Doctor of Philosophy (PhD)


Oceanography and Coastal Sciences

Document Type



Habitat degradation of saltmarsh ecosystems reduces the suitability of the marsh as permanent environments for resident species and seasonal nursery grounds for transient fauna. This study was conducted in Terrebonne-Timbalier bays near Cocodrie, Louisiana. Fishes and macroinvertebrates were collected using a drop sampler in marsh-edge and open-water habitat types, in three locations (i.e., pond, channel, and bay), and four seasons (Fall of 2000, Winter of 2000-2001, and Spring and Summer of 2001). The specific objectives of this study were: (1) to determine the difference in composition and structure of fish and macroinvertebrate communities, (2) to establish the food habits of the fish community, and (3) to determine the dependence on Spartina alterniflora of fishes and macroinvertebrates through the use of stable isotope techniques. Densities of resident and transient species including darter goby, naked goby, and brown shrimp were detectably different among habitat types, seasons, and locations. The naked goby consumed higher abundances of harpacticoid copepods along the marsh edge than in the open water. Bay anchovy and naked goby had detectable differences in prey utilization among seasons and ingestion was associated with changes of environmental variables. Despite the presence of detritus in the stomachs of several fish species, it was relatively rare. Naked goby was the only species that had detectable differences in carbon stable isotopes between mash-edge and open-water habitat types. Significant seasonal variations were identified in the carbon isotopic values of naked goby, daggerblade grass shrimp, and blue crab, and in the nitrogen isotopic values of brown shrimp. In the field experiments with naked goby, differences in prey utilization and in carbon or nitrogen isotope values were not detectable among habitat types. The marsh edge is essential for food and refuge for estuarine nekton, but macroinvertebrates densities may be more sensitive to marsh loss than fish densities. Nevertheless, marsh loss may have an effect on the feeding ecology of juvenile fishes that rely primarily on benthic prey along the marsh edge. The relative contribution of Spartina alterniflora to support the nekton community was less than 35% in the study area.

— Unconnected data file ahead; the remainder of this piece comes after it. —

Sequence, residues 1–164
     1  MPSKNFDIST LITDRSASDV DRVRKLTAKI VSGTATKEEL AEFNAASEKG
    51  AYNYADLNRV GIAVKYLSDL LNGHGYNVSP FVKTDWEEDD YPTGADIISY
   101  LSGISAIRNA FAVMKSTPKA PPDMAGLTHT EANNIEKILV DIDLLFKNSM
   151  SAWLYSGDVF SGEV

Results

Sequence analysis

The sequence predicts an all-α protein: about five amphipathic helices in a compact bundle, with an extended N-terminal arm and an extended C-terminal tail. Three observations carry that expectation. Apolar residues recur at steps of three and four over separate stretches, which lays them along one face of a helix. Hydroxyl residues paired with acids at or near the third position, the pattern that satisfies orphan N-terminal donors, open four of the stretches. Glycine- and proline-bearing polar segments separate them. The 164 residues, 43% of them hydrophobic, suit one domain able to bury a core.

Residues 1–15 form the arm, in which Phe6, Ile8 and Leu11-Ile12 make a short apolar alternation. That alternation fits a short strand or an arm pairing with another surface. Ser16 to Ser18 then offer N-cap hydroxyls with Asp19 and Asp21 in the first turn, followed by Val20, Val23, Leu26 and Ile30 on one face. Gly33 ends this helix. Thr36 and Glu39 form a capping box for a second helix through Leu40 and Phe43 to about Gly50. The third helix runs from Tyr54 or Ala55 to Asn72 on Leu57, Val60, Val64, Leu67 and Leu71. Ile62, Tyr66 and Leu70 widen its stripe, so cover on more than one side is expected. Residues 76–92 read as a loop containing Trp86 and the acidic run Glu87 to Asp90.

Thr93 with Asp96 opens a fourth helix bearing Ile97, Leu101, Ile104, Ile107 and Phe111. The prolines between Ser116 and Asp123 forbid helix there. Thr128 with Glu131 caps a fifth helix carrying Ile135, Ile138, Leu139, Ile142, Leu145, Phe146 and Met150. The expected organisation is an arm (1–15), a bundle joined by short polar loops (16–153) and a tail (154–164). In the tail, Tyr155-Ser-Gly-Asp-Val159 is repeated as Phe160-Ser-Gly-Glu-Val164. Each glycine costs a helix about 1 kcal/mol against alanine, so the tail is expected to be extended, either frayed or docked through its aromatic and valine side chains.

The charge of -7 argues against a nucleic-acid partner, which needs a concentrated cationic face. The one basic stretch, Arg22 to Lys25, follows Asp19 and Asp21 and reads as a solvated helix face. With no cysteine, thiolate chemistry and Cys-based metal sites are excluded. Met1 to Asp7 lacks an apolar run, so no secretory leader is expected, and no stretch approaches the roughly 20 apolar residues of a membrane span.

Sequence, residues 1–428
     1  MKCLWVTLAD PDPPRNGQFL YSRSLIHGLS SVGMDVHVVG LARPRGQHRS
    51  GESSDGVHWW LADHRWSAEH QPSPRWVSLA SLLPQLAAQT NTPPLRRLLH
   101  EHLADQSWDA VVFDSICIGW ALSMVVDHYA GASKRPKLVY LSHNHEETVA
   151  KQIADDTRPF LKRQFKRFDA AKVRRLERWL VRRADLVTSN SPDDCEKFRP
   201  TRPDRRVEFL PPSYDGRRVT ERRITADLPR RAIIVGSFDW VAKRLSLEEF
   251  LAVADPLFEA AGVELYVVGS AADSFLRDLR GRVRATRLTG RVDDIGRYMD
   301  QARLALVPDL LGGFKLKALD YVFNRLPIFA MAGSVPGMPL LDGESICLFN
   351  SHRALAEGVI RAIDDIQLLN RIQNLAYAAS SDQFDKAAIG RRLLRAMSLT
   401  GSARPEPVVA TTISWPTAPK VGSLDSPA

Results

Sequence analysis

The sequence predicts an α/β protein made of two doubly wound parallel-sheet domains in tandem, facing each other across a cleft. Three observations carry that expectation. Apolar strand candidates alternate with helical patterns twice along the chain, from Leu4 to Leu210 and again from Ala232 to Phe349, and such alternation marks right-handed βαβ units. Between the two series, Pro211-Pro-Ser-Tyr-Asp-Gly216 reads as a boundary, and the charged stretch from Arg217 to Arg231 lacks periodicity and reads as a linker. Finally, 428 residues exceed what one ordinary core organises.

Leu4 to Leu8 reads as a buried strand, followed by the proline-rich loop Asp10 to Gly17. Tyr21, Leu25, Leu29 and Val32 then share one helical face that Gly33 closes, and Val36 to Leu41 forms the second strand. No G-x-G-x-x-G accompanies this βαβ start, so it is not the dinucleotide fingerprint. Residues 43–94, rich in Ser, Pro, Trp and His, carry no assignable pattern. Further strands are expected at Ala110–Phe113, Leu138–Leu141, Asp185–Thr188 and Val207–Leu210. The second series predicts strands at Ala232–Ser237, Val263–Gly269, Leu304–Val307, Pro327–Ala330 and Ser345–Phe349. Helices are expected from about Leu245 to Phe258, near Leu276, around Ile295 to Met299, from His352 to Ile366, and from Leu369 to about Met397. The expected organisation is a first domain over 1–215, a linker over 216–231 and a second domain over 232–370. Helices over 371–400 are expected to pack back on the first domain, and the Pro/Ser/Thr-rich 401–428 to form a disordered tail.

Document Availability at the Time of Submission

Release the entire work immediately for access worldwide.

Committee Chair

Donald M. Baltz